Utah Republican Gov. Gary Herbert announced today that the state will not recognize the 1,000+ same-sex marriages performed in the state before the United States Supreme Court stayed a federal court judge’s decision overturning a ban on same-sex marriages, reports the Salt Lake Tribune.
The Supreme Court granted the stay on January 6 to halt marriage equality in Utah. In a letter to state agencies, Derek Miller, chief of staff to Gov. Gary Herbert, said those marriages will be "on hold" while it appeals the December 20 ruling by U.S. District Judge Robert Shelby that had legalized the unions.
With a stay in place, the original laws governing marriage in Utah are again in effect. In his letter, Miller told state agency directors that the state’s existing law prohibits not only performing same-sex marriages, but recognizing them. "Please understand this position is not intended to comment on the legal status of those same-sex marriages," the letter said. "That is for the courts to decide."
"Wherever individuals are in the process of availing themselves of state services related to same-sex marital status, that process is on hold and will stay exactly in that position until a final court decision is issued," the letter said.
However, if couples had already received, for example, new driver licenses reflecting new names, those licenses will not be revoked, the letter said. But couples may not now seek new licenses. ... Likewise, if someone had completed a process — whether that was filing for health insurance coverage or preparing joint taxes — they are now frozen at that point, he said.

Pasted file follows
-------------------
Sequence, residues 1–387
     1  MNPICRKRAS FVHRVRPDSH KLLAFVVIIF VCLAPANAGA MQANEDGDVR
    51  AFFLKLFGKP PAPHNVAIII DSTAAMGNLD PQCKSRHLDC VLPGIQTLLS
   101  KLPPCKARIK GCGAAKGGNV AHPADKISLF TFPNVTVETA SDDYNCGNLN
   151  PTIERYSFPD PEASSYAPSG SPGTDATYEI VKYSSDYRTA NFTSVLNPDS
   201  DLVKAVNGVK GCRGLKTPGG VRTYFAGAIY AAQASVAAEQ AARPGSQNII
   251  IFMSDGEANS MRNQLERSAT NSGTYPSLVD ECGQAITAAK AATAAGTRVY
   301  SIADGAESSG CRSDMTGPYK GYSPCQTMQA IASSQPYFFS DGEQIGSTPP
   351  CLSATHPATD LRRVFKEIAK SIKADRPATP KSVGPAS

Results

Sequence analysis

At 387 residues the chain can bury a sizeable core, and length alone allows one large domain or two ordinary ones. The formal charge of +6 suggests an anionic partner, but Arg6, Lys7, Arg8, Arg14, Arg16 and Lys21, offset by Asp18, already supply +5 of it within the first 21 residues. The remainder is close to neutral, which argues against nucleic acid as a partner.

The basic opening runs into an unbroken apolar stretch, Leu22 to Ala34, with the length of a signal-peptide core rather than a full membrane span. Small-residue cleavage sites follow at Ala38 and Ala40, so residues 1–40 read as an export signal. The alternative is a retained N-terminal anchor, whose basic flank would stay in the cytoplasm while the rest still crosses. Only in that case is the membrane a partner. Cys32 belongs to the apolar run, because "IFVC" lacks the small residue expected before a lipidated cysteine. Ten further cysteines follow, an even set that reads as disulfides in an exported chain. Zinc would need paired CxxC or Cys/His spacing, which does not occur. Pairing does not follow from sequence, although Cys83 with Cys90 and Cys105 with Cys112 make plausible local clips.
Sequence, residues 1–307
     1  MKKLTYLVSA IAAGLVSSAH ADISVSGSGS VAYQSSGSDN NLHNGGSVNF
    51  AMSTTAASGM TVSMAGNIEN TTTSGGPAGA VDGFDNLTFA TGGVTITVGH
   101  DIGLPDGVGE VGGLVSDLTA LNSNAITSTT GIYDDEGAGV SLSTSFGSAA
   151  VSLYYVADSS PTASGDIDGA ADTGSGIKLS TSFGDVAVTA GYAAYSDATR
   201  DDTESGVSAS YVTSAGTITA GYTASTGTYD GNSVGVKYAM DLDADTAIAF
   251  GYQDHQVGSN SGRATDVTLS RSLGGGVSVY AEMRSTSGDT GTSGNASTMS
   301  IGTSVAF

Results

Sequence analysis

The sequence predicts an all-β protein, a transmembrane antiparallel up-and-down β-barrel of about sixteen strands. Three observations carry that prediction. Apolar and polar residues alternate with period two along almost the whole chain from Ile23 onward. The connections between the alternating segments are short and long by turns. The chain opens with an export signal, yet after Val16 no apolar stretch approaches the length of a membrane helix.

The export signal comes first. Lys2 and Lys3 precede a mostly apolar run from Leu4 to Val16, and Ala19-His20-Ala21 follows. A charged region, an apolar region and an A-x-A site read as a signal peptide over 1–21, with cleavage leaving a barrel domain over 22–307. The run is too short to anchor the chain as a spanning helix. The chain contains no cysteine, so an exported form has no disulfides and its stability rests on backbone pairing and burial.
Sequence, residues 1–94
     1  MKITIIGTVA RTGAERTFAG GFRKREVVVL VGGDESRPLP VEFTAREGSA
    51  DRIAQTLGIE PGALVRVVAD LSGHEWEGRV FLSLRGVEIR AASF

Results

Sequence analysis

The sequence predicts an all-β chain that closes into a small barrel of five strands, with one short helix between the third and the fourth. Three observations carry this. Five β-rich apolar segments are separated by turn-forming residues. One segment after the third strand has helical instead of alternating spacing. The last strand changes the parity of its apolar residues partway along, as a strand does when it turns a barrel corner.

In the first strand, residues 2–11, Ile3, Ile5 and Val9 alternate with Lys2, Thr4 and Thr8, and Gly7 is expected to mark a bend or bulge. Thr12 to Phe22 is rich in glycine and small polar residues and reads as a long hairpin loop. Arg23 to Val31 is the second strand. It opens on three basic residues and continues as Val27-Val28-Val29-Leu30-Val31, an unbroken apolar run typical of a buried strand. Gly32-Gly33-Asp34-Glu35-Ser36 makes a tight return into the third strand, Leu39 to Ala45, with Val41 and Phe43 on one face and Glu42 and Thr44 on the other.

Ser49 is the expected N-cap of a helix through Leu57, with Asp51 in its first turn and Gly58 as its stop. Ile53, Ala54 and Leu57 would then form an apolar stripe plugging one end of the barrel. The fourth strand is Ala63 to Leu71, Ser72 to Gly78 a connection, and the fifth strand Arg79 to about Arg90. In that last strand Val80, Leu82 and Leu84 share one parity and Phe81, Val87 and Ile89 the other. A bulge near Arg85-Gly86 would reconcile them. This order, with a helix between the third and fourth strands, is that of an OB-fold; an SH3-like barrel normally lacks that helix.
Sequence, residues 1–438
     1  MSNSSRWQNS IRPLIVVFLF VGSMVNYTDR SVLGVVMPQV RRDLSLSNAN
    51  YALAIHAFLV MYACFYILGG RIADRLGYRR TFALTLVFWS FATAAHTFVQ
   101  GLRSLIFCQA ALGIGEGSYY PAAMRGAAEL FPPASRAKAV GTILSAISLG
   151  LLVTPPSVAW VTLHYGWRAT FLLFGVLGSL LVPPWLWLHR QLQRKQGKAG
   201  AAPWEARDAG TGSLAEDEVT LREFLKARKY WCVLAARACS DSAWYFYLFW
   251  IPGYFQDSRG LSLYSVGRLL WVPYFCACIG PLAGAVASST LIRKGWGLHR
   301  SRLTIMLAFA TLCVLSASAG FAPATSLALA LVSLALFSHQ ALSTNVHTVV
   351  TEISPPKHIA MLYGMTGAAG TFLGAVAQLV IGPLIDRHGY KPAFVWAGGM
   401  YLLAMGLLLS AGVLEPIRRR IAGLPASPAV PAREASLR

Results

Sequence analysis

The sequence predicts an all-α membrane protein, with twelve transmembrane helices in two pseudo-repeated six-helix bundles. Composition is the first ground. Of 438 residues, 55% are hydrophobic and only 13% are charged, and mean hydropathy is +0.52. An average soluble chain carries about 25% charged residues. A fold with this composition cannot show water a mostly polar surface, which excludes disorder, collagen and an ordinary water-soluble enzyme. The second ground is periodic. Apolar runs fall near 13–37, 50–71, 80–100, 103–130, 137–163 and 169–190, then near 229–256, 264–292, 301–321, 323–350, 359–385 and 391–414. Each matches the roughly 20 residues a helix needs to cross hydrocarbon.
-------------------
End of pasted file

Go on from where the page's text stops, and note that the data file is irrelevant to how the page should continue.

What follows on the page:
Last week, the Utah Attorney General filed a request with U.S. Supreme Court Justice Justice Sonia Sotomayor for a stay pending the appeal of Shelby's decision. This after the U.S. 10th Circuit Court of Appeals' refused to stay Shelby's decision ... and implied that the state would likely lose its appeal.
Utah was the 18th state to mandate equal marriage during a brief two week window. Seventeen states—California, Connecticut, Delaware, Hawaii, Illinois, Iowa, Maine, Maryland, Massachusetts, Minnesota, New Hampshire, New Jersey, New Mexico, New York, Rhode Island, Vermont, and Washington—and the District of Columbia now allow same-sex marriage. Six Native American tribal jurisdictions also allow same-sex marriage.
The federal government has recognized same-sex marriages since the landmark Windsor case that struck down Section Three of the Defense of Marriage Act—which prohibited federal recognition of legally married same-sex couples and denied more than 1,000 benefits, such as Social Security, pension benefits and preferential tax treatment.